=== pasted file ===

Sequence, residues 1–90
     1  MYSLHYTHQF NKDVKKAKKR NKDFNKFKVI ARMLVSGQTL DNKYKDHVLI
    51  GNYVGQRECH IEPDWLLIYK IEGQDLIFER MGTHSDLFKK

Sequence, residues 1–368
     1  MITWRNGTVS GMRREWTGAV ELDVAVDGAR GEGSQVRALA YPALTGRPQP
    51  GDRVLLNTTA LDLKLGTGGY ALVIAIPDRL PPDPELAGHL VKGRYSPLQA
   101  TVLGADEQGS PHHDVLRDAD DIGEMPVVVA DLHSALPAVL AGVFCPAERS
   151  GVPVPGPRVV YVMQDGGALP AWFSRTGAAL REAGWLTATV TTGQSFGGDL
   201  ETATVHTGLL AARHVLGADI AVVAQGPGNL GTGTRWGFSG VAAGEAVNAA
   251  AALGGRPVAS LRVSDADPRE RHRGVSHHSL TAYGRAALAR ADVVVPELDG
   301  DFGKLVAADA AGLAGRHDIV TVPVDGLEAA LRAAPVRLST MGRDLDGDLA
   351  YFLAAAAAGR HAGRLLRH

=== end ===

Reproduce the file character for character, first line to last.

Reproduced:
Sequence, residues 1–90
     1  MYSLHYTHQF NKDVKKAKKR NKDFNKFKVI ARMLVSGQTL DNKYKDHVLI
    51  GNYVGQRECH IEPDWLLIYK IEGQDLIFER MGTHSDLFKK

Sequence, residues 1–368
     1  MITWRNGTVS GMRREWTGAV ELDVAVDGAR GEGSQVRALA YPALTGRPQP
    51  GDRVLLNTTA LDLKLGTGGY ALVIAIPDRL PPDPELAGHL VKGRYSPLQA
   101  TVLGADEQGS PHHDVLRDAD DIGEMPVVVA DLHSALPAVL AGVFCPAERS
   151  GVPVPGPRVV YVMQDGGALP AWFSRTGAAL REAGWLTATV TTGQSFGGDL
   201  ETATVHTGLL AARHVLGADI AVVAQGPGNL GTGTRWGFSG VAAGEAVNAA
   251  AALGGRPVAS LRVSDADPRE RHRGVSHHSL TAYGRAALAR ADVVVPELDG
   301  DFGKLVAADA AGLAGRHDIV TVPVDGLEAA LRAAPVRLST MGRDLDGDLA
   351  YFLAAAAAGR HAGRLLRH